Environment Mental Health

Time for Nature

On 16th March the Charity closed its office to safeguard staff from the Covid-19 outbreak and shifted to home-working.  Living in a beautiful part of the South West with good access to the countryside and coast, this shift also gave an opportunity to reconnect with the local environment. Over the next two months I took the opportunity to walk daily along the local footpath network including the South West Coast Path National Trail.

The Coast Path at Rame Head

It’s been very interesting watching the changes over this period. Not just the change from spring to summer, but also a wider change as nature continued as normal oblivious to the pandemic tearing through society. Timid deer became less skittish and more curious as fewer dogs and their owners walked around the local parkland. Bird song reclaimed the local woodland and skylarks warbled in full-flight above the fields with few of the ‘normal’ human sounds of traffic or industry blocking them out.

Those of us who’ve been lucky enough to get out in the countryside in the midst of the lock-down have been able to witness this change. In addition, I’ve given myself the time to take notice of the beauty of nature. Counting how many different species of wildflower can be spotted along a walk has become a new pastime. Reclaiming rural lanes for walking has given a new insight into the area, discovering old wells and parish boundary stones. The opportunity to stop and listen to the wind blowing through the trees without the previously ever-present ambient drone of the nearby city has become my meditation. This daily walk and time spent celebrating the wonders of nature is a tonic, quietening down the anxieties whirling around us.

Bluebell woods in May

As government messaging has moved from lock-down to recovery, traffic has started to increase as the wheels of industry start to turn again. Many more people are travelling to the countryside for recreation and exercise, which is applauded. With this shift there’s unfortunately also been an increase in litter. We need to engage with people to take more pride in their local environment so that antisocial behaviour does not spoil the very thing that is helping many people get through this crisis. The Countryside Code is a good starting point with its clear message of Respect, Protect, Enjoy.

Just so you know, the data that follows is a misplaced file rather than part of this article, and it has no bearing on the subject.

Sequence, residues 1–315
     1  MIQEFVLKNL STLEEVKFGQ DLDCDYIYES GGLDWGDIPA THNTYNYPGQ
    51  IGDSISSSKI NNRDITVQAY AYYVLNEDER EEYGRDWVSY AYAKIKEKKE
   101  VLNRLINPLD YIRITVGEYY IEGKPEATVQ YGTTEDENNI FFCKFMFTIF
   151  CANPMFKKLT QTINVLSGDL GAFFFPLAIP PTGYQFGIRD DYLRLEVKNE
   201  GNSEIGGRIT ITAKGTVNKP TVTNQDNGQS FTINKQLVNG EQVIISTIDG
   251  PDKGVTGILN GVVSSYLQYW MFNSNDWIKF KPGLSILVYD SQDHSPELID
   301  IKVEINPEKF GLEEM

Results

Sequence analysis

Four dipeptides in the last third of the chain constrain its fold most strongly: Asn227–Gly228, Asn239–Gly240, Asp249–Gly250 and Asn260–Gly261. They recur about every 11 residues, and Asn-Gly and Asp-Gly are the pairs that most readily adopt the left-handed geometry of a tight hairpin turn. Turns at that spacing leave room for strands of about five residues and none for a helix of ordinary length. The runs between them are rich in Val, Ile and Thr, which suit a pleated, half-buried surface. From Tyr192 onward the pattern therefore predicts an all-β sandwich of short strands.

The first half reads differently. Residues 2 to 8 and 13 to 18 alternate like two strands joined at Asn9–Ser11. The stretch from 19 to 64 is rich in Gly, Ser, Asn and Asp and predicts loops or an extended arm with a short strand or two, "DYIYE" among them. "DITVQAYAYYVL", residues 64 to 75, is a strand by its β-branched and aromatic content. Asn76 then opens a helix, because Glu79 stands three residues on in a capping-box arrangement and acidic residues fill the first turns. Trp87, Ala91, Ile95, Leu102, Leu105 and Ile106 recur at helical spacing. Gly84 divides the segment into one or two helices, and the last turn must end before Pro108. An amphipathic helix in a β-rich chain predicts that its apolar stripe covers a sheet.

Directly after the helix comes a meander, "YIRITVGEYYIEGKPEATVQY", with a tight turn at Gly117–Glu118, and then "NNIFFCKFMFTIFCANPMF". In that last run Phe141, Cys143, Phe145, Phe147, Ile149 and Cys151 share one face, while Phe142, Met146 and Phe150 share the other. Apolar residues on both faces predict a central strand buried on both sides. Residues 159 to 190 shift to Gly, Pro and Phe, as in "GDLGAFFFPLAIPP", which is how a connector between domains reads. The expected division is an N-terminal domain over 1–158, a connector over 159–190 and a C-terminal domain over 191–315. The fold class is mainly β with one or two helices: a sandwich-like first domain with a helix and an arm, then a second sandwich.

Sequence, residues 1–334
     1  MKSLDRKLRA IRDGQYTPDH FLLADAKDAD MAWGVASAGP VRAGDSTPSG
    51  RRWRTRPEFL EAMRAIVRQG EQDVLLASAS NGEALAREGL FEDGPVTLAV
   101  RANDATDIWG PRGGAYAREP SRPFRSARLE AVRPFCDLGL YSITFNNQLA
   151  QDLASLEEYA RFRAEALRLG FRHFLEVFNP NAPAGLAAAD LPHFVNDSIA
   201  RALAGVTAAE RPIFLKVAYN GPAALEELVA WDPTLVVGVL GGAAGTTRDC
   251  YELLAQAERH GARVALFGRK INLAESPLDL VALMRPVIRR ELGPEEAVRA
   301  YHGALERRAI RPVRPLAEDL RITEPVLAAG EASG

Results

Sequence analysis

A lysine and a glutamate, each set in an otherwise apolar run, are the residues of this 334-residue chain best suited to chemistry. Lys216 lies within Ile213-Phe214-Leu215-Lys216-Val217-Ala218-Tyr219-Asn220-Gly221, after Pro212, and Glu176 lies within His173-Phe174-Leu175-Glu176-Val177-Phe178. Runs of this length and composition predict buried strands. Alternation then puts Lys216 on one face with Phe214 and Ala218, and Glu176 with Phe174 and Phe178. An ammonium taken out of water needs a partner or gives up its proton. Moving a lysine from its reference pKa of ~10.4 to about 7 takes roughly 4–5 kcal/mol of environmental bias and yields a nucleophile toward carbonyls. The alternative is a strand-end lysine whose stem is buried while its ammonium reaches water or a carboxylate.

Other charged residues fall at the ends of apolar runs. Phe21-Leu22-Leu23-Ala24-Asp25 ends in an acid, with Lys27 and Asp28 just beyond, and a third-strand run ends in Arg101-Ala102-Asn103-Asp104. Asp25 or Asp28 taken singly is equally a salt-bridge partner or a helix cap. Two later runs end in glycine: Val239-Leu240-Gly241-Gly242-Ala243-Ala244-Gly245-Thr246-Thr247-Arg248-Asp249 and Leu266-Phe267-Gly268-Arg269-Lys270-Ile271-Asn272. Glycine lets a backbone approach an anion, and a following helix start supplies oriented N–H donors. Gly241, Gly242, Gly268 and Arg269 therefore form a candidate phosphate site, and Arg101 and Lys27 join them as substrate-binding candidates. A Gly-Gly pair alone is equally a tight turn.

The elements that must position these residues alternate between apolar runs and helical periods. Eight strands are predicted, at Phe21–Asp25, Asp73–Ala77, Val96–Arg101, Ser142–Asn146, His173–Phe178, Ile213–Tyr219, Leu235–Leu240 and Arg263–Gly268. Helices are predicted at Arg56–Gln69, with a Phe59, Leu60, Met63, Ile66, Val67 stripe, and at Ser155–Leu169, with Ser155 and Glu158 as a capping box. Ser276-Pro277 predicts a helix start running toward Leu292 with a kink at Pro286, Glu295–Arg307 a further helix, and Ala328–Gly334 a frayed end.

“The foods we eat, the air we breathe, the water we drink and the climate that makes our planet habitable all come from nature. Yet, these are exceptional times in which nature is sending us a message: To care for ourselves we must care for nature. It’s time to wake up. To take notice. To raise our voices. It’s time to build back better for People and Planet.”

United Nations World Environment Day 2020: http://www.worldenvironmentday.global

Today is the 46th World Environment Day, the United Nation’s annual platform to raise awareness of environmental issues.  This year the theme is ‘Time for Nature’. Over the past four decades there has been a growing disconnect between people, our environment, food and health. As we move along the path to recovery from the pandemic we should learn lessons from these unprecedented times. Specifically, in relation to our environment and nature recovery, we need to reconnect back to nature for our own health and wellbeing. We also need to ensure that communities value their local environment to ensure it can be conserved for future generations to enjoy. To do this we need to ensure younger generations get the opportunity to understand and engage with their local countryside and coast, helping to understand and value food production and local provenance. Our Every Mile Matters campaign will help the charity champion these issues going forward, helping promote the Coast Path as an exemplar of sustainability and taking a holistic view of the trail across environment, economy and society.

Traffic-free country lane


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